The Royal Bank of Scotland has announced a three year partnership with a Scots university to further their climate change knowledge.
RBS today announced the three-year partnership with The University of Edinburgh centre for business climate change and sustainability.
The £1.5m partnership will facilitate the delivery of a climate change programme to over 16,000 people in RBS by the end of 2024 including relationship managers and customer-facing colleagues.
It will also support the delivery of an in-depth climate change transformation training programme for those in priority roles who require a broader level of knowledge.
Experts from The University of Edinburgh centre for business, climate change and sustainability will work with RBS business banking specialists to deliver 12-week online education programmes.
The online education programmes will help relationship managers and colleagues in priority roles to help Scottish business customers identify the opportunities a net-zero economy can create.
The university will work with the bank to develop the training, tools and content to support colleague education awareness, helping them engage in climate conversation within the bank and with Scottish business customers.
The programmes will help the bank understand and take action to reduce their climate impact and identify and realise the business opportunities from being at the forefront of the net-zero economy.
The new deal builds on the previous successful collaboration with The University of Edinburgh centre for business climate change and sustainability.
It seeks to support the evolution and growth of existing programmes developing new learning to support key sectors across the bank.
This year will also see the rollout of sector-specific climate training programmes across commercial real estate, retail, leisure and manufacturing.
The university and RBS will work with real estate expert Cushman and Wakefield to provide commercial real estate specialist training.
Circuthon Consulting, Helen Chambers Consulting and My Little Green Wardrobe will work to provide retail and leisure specialist training.
Warwick Manufacturing Group at Warwick University will deliver manufacturing specialist training.
James Close, head of climate change, NatWest Group said: “Climate education across the bank is central to us reaching our climate ambitions and the UK’s move to a net-zero economy.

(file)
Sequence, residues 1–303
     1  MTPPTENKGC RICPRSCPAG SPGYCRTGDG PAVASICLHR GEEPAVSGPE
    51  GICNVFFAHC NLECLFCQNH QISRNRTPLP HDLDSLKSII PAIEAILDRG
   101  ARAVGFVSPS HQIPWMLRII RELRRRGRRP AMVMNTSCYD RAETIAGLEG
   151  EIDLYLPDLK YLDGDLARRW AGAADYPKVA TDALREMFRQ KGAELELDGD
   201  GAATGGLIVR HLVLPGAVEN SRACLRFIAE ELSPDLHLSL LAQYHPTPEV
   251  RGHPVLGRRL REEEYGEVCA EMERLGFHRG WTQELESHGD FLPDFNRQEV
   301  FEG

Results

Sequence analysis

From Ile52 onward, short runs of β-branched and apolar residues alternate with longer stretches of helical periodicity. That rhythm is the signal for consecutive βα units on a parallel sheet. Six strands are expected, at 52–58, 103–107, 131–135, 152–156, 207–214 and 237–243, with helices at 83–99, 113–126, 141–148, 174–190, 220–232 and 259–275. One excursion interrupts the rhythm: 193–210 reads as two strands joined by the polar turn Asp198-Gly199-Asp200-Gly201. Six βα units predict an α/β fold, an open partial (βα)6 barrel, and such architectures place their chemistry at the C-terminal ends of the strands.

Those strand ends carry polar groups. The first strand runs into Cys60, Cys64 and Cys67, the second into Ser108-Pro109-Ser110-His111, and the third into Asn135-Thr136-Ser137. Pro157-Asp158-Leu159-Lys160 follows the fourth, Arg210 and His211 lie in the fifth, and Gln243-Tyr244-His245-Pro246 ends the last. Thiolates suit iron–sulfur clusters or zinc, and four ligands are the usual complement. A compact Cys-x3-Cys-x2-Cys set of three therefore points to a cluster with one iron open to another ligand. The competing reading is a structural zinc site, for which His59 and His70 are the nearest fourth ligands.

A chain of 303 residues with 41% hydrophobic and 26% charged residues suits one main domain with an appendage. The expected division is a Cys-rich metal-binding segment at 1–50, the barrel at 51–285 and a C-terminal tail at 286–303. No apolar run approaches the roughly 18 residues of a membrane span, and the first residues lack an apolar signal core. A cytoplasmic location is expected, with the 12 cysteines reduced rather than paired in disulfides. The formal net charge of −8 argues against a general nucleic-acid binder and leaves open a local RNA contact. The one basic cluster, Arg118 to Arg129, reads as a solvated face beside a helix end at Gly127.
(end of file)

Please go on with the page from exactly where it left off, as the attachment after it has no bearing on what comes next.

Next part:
“In the next three years we will continue to improve the climate capability of the bank through co-delivery of a robust and specifically tailored programme of education.
“This specialist training will provide the confidence for colleagues to step into climate conversations both within the bank and with customers.
“Increased knowledge will empower bank colleagues to help businesses across sectors roll out effective and credible transition plans as the UK heads towards a low carbon economy.”
Jonathan Seckl, senior vice-principal of The University of Edinburgh said: “The Centre for Business, Climate Change and Sustainability are leading the field in this area of research, and we are proud that this new partnership will enable them to further their impact in this sector.
“Social responsibility and sustainability are central focal points for the University’s 2030 Strategy, and a partnership that promotes the delivery of such a significant climate education programme is at the very heart of what we hope to achieve.”
Wendy Loretto, Dean of The University of Edinburgh Business School: “The response we have had from across the business is inspiring and testament to the positive approach being adopted by the bank in pursuing its purpose-led mission.
“COP26 highlighted just how integral businesses are in this climate crisis, and collaborations such as this mark the great responsibility business schools have in ensuring their research translates to effective change.
“This partnership gives us the opportunity to ensure we are at the forefront of such change.”
This announcement follows the publication of A Springboard to Sustainability report last year, which found that the UK’s six million Small to Medium Enterprises (SMEs) can achieve 50% of the UK’s Net Zero decarbonisation goals while opening up an estimated £160 billion revenue opportunity.